But, if you pray for peace so that you can be relieved of the stress, you’re missing the big picture.
    The main reason you should pray for peace is so that God might be glorified.
    He is not glorified by strife and quarreling.
    Christ is not magnified by constant conflict.
    He is glorified in His people when they crucify self and allow His love to flow through them, even toward those who treat them wrongly.
    Ask God to be glorified in your relationships, and He will answer! So,
    Conclusion:
    James (Lesson 14: The Source of Conflicts (James 4:1–3))
    A boy once asked, “Dad, how do wars begin?”
    “Well, take the First World War,” said his father. “That got started when Germany invaded Belgium.”
    Immediately his wife interrupted,
    “Tell the boy the truth. It began because somebody was murdered.”
    The husband drew himself up in an air of superiority and snapped back,
    “Are you answering the question, or am I?”
    Turning her back on him in a huff, the wife walked out of the room and slammed the door as hard as she could.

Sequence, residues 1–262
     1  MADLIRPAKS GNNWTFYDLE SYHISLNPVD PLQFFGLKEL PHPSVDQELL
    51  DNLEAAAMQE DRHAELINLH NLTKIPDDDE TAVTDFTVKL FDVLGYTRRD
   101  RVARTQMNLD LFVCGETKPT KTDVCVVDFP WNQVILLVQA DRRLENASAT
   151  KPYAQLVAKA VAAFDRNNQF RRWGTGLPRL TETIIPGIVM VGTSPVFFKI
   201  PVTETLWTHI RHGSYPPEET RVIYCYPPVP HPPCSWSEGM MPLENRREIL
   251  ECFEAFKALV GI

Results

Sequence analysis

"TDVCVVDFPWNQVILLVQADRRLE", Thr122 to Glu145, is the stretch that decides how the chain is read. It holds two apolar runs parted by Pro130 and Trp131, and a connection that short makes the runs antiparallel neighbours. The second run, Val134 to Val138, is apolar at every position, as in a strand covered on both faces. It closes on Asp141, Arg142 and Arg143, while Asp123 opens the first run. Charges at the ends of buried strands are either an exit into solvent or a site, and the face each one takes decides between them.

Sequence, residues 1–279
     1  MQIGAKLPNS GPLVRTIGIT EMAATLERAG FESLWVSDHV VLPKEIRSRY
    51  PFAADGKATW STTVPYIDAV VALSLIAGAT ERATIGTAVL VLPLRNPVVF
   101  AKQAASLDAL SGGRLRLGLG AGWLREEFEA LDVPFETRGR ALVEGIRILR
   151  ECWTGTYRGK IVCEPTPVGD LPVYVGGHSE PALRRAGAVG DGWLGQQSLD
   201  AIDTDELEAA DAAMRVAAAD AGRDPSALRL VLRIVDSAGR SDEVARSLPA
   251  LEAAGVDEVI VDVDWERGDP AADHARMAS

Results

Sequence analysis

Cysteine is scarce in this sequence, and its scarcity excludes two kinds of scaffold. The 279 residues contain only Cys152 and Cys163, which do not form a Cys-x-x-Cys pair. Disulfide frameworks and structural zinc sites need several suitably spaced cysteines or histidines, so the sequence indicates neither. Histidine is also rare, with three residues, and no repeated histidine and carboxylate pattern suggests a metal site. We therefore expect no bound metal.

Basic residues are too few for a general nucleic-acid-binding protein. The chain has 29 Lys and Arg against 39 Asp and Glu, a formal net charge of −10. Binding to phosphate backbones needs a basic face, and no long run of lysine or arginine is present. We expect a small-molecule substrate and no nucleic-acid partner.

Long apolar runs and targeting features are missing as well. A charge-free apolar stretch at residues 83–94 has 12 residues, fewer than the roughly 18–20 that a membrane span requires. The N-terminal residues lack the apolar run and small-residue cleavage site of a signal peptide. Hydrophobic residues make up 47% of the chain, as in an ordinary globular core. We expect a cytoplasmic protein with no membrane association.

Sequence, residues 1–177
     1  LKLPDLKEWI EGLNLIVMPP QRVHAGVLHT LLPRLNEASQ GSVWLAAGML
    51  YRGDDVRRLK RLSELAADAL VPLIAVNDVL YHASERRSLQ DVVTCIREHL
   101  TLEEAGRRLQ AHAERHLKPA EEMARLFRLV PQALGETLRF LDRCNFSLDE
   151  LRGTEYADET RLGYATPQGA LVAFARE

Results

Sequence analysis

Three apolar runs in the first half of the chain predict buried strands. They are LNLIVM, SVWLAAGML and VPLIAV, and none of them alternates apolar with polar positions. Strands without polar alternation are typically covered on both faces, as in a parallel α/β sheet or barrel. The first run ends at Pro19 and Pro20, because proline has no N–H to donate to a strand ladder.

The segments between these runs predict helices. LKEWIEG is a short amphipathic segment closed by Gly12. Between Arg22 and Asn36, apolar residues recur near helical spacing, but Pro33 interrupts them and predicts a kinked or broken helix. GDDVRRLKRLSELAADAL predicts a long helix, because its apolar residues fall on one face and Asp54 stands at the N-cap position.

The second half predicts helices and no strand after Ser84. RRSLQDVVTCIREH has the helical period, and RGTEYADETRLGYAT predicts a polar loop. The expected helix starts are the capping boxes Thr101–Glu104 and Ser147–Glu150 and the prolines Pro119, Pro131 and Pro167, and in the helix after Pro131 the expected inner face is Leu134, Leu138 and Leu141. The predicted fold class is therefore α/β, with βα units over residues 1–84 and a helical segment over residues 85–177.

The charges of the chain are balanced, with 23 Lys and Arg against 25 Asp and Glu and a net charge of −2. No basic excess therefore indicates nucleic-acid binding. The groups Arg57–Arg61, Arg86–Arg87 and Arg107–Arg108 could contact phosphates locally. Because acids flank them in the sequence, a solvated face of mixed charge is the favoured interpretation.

When the dishes stopped rattling in the cupboard, an uneasy silence followed, broken at length by the son.
    “Daddy, you don’t have to tell me any more; I know now!”“
    The way to resolve conflict with others is not to win the war with others.
    Rather, it is to wage war against those powerful forces that are waging war in your soul!
    Judge your selfish motives,
    daily put self on the cross,
    and you will move in the direction of peace in your relationships.
    PRAYER PROMPTS
    Pray that God would forgive us for our evil motives, which have led and contributed to personal and corporate conflict.
    Pray that God would also forgive our churches, communities, and nations for the divisions amongst them.
    Pray for unity in our families, friendships, workplaces, and nations.
    Pray that God would bring glory to himself through our lives and the communities we are members of.
    TIME OF RESPONSE
    Lets us stand and sing
  • Come, Thou Fount of Every Blessing
  • Come, Thou Fount of Every Blessing

Let us get to know you!

Please take a moment to send us your information so that we may stay connected with you. Your information is carefully managed and protected.
I am a:
Age:
How did you hear about us?